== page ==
They are, geopolitically, the strongest members with the best national football associations. Unrecognized countries often try to legitimize their international presence through their participation in CONIFA and other international sport.
The last category, are recognized sovereign states who are unable to participate in FIFA for financial reasons (Tuvalu and Kiribati). They have not been able to afford the stadiums and hostel capacity requested by FIFA to become a member.
CONIFA is a competition in which freedom itself is the real prize. Even if the association claims to be apolitical, participation gives a strong sense of nationhood to weakened identities. CONIFA aims at “leaving all politics behind”, but in reality, the competition is between football, statehood, and identity (The conversation).
The tournament aims at gathering identities through chants, ceremonies, and mutual respect. CONIFA gives their members a chance “to spread their message of acceptance, equality and positivity far beyond the reaches of their noble endeavours to date.” (These football Times). The CONIFA World Cup is a good example of striving for international recognition through sport.
CONIFA is not without its controversy however. The participation of Northern Cyprus was controversial: CONIFA received a written protest from the Greek Cypriot community in London, opposing the involvement of Northern Cyprus. In addition, many other states have attempted to block participation of territories they deem their own.
Tibet’s team manager stated their participation in the tournament of 2018 has the goal of demonstrating their nationhood and raising international concern on omnipresent Chinese human rights violation (restriction of religion, belief, association, speech, movement) (Human Right Watch).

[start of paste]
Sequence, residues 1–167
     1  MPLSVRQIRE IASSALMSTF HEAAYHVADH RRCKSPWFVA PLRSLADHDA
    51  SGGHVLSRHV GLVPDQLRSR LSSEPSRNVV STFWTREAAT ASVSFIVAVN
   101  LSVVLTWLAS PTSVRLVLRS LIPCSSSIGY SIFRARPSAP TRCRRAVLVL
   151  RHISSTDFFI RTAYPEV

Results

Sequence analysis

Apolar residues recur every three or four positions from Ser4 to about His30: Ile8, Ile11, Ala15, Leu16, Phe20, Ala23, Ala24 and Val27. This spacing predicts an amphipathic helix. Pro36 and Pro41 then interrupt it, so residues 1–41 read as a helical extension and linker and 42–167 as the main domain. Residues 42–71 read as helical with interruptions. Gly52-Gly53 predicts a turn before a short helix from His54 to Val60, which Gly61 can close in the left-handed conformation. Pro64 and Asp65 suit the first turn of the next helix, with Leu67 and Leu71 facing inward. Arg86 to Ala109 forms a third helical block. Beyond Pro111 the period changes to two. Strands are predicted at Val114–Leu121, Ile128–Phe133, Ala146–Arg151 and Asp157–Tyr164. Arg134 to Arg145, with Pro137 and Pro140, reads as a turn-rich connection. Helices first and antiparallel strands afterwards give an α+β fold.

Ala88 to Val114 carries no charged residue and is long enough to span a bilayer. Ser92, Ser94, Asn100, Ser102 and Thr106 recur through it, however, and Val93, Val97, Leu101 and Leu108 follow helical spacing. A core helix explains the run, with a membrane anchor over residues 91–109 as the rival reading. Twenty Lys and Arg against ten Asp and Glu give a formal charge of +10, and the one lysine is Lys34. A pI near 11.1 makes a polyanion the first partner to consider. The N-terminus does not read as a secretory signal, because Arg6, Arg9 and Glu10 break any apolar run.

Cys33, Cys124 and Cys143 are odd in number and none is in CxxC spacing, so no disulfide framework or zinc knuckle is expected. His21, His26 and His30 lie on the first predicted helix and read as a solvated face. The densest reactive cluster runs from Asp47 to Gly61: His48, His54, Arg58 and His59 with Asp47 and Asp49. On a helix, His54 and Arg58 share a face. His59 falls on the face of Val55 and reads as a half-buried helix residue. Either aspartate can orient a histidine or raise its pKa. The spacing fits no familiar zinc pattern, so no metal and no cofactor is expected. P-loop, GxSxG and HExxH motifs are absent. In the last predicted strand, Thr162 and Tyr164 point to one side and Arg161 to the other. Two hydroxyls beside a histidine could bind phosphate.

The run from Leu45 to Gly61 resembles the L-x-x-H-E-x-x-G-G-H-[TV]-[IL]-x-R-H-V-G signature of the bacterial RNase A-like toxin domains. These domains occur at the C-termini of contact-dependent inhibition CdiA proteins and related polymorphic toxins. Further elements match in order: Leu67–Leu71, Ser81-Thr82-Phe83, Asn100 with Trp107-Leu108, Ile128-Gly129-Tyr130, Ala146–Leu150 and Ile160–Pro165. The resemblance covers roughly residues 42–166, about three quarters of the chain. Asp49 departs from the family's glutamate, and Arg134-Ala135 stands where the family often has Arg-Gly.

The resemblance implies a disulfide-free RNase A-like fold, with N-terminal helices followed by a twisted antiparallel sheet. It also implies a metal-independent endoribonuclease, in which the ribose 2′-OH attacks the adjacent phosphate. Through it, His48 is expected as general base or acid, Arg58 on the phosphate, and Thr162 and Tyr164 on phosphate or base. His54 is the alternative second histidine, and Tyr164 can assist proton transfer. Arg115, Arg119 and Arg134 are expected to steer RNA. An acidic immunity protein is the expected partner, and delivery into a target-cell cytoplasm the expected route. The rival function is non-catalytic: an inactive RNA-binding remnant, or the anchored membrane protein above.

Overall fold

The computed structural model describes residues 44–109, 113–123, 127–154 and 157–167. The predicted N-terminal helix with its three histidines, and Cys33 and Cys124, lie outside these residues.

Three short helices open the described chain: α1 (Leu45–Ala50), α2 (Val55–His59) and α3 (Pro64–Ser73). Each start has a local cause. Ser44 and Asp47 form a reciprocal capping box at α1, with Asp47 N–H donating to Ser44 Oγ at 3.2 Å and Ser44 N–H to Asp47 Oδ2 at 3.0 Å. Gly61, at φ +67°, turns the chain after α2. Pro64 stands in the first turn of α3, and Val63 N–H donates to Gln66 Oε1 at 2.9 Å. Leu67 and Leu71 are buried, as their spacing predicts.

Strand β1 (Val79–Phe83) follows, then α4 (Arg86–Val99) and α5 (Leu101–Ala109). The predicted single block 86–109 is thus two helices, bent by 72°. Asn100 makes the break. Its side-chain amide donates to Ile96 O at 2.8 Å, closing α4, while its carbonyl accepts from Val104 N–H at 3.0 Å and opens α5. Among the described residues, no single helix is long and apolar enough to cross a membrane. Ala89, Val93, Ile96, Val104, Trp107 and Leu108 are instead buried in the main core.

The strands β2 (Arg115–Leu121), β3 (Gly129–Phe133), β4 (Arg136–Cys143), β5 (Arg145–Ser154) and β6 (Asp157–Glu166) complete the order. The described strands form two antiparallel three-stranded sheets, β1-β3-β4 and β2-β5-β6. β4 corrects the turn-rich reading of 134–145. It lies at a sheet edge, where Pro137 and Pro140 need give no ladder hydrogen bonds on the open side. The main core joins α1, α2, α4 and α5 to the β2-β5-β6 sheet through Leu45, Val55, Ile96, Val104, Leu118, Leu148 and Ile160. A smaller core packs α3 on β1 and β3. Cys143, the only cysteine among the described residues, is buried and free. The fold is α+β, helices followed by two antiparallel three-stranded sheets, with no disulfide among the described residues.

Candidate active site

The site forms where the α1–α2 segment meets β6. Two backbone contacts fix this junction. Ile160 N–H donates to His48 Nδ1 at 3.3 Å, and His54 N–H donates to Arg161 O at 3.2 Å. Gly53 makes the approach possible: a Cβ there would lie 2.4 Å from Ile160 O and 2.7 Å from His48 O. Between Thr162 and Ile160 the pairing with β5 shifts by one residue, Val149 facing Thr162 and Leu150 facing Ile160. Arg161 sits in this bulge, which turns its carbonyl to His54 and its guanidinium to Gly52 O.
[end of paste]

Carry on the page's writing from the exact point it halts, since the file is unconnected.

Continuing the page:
CONIFA World Cup
The CONIFA World Cup, the successor to the VIVA World Cup, is CONIFA's version of the FIFA World Cup. The tournament is held every two years and generally takes place in a host country of one of its members. t is not always possible for the host of the World Football Cup to be able to hold the competition in their own "territory".
As a consequence of this, CONIFA defines the "host" of the World Football Cup as being the member association that heads the organising committee, whether or not the tournament is actually played in the geographical area that the host association represents.
The 2020 competition would have been the first CONIFA World Football Cup to be hosted outside of Europe. However on the 19th of August 2019, CONIFA announced that the cup would not be held in Somaliland due to logistical difficulties. There has been no replacement host as of date of writing.
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CNN, CONIFA: the alternative world cup for stateless people and unrecognized nations, from
CONIFA official web site, from http://www.conifa.org/en/
Human Rights Watch, China Events of 2018, from https://www.hrw.org/world-report/2019/country-chapters/china-and-tibet
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Vice, The CONIFA World Football Cup Was About More Than Just Goals, from https://www.vice.com/en_uk/article/pawdvk/the-conifa-world-football-cup-was-about-more-than-just-goals